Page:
(1880–1962), a graduate and prominent land manager. Child's mother was Julia Carolyn ('Caro') Weston (1877–1937), a paper-company heiress. Child's maternal grandfather was, a lieutenant governor of Massachusetts. Child was the eldest of three, followed by a brother, John McWilliams III, and sister, Dorothy Cousins.Child attended from 4th grade to 9th grade in Pasadena, California. In high school, Child was sent to the in, which was at the time a boarding school.At six feet, two inches (1.88 m) tall, Child played tennis, golf, and basketball as a youth.She also played sports while attending, from which she graduated in 1934 with a major in history.Child grew up in a family with a cook, but she did not observe or learn cooking from this servant, and never learned until she met her husband to be, Paul, who grew up in a family very interested in food.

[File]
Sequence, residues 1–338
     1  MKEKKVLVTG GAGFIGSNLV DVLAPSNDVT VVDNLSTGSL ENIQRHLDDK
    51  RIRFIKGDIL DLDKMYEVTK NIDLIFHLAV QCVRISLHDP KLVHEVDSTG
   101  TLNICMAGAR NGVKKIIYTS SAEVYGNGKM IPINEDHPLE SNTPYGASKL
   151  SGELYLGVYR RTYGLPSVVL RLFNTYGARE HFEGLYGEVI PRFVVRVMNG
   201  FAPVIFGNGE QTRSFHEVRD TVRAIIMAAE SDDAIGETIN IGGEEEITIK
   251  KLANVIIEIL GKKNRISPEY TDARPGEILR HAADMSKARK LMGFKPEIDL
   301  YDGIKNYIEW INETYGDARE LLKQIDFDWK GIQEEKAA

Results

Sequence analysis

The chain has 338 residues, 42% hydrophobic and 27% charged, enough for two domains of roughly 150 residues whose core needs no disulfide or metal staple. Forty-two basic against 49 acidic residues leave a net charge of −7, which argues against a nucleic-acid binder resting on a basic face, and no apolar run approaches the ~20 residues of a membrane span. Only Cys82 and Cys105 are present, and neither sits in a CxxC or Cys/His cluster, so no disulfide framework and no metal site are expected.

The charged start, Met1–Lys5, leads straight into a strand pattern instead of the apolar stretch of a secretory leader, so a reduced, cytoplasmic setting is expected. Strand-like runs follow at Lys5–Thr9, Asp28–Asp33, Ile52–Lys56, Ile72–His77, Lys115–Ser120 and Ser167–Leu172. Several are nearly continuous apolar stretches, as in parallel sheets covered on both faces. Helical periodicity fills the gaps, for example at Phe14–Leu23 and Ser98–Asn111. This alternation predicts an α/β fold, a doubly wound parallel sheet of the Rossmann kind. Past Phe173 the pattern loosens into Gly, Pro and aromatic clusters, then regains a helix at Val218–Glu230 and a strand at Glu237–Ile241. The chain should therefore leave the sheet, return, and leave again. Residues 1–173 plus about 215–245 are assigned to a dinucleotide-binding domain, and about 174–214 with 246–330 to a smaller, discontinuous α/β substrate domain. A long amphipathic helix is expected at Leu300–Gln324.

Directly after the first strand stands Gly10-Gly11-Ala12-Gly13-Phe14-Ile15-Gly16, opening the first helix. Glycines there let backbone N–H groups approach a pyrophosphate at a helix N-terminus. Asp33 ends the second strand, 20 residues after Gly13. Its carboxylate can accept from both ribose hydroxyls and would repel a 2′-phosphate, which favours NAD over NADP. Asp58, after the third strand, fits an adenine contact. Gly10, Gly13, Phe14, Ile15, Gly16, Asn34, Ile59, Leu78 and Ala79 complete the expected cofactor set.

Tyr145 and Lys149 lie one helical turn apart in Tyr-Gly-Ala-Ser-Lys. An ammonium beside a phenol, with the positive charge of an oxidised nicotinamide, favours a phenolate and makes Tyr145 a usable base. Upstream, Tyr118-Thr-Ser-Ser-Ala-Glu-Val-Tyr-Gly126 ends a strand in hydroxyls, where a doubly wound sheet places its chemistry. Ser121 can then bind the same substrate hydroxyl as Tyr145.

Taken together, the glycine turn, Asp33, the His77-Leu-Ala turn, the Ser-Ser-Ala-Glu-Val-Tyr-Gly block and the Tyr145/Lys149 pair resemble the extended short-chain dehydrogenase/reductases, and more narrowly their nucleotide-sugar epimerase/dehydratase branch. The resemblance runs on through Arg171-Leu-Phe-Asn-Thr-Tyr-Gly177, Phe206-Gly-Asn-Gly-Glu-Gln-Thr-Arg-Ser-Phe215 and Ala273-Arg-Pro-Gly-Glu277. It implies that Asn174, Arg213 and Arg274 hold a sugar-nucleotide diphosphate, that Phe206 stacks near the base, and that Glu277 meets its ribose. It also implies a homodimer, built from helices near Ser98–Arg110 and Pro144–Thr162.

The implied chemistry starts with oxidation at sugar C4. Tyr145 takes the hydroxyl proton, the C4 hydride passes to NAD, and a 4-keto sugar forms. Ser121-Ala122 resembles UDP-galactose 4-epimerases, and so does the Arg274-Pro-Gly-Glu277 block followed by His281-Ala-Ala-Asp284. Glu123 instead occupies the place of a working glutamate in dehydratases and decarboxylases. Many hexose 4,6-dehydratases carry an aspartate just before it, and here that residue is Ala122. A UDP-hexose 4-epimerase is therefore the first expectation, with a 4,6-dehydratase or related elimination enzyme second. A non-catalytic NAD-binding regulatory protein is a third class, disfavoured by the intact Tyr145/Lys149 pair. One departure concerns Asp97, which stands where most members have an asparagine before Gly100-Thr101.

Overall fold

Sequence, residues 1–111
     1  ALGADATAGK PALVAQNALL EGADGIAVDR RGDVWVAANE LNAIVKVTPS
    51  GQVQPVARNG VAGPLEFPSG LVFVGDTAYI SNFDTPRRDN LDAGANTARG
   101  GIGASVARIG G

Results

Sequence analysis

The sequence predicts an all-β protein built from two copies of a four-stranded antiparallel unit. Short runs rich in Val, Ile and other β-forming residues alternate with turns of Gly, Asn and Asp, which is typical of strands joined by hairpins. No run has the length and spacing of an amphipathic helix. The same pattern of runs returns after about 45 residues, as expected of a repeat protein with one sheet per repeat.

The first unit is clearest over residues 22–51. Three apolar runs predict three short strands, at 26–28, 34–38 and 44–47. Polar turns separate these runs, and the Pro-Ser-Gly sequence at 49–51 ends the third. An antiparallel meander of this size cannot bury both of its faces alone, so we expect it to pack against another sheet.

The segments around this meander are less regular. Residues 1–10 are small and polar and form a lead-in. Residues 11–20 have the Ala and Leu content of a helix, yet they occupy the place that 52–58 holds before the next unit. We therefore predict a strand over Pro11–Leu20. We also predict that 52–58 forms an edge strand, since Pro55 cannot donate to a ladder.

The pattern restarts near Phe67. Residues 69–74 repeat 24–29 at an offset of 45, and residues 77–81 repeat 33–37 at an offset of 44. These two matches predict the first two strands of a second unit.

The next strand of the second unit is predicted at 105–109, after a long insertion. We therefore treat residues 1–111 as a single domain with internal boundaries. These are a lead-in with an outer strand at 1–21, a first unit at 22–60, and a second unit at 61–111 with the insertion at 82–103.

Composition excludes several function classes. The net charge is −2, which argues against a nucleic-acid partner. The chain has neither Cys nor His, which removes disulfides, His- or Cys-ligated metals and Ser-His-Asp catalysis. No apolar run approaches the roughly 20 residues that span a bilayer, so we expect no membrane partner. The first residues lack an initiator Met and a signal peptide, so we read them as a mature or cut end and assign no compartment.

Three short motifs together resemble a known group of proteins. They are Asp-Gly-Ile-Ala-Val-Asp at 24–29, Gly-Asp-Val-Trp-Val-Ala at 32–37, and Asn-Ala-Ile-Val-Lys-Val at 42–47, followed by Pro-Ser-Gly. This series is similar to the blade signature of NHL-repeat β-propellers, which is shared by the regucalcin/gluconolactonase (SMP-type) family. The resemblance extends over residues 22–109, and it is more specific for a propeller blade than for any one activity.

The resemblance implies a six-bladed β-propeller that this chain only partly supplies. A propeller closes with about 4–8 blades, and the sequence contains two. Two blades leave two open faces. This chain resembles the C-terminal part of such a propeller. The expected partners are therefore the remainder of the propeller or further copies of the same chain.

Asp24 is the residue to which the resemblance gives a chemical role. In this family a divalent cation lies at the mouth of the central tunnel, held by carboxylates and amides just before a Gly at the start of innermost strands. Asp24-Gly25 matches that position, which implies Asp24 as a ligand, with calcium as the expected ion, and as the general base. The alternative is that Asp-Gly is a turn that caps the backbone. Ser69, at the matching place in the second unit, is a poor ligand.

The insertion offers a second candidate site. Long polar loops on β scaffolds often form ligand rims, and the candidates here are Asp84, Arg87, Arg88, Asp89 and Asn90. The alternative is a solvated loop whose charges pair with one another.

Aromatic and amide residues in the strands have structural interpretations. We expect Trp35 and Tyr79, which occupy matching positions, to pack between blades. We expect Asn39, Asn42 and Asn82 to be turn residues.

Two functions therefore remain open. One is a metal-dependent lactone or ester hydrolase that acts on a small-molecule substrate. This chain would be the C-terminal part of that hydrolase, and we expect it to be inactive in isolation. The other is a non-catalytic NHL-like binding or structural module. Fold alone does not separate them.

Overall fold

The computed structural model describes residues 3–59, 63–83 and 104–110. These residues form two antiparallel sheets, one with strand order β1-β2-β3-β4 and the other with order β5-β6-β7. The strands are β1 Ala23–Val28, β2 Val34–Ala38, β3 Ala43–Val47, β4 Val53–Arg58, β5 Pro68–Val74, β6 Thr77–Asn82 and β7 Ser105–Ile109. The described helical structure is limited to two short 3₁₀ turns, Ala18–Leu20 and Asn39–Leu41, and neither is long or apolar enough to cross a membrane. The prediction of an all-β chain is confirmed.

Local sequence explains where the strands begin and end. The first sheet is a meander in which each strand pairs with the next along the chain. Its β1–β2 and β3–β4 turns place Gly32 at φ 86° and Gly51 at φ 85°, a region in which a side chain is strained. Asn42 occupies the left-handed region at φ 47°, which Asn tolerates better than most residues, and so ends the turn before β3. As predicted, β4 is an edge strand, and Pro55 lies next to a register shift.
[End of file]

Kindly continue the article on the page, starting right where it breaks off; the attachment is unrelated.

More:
Career Following her graduation from college, Child moved to New York City, where she worked as a for the advertising department of.World War II Child joined the (OSS) after finding that she was too tall to enlist in the or in the U.S. She began her OSS career as a typist at its headquarters in Washington but, because of her education and experience, soon was given a more responsible position as a top-secret researcher working directly for the head of OSS, General.As a research assistant in the Secret Intelligence division, she typed 10,000 names on white note cards to keep track of officers. For a year, she worked at the OSS Emergency Rescue Equipment Section (ERES) in Washington, D.C. As a file clerk and then as an assistant to developers of a needed to ensure that sharks would not explode targeting German. In 1944, she was posted to, Ceylon (now ), where her responsibilities included 'registering, cataloging and channeling a great volume of highly classified communications' for the OSS's clandestine stations in Asia.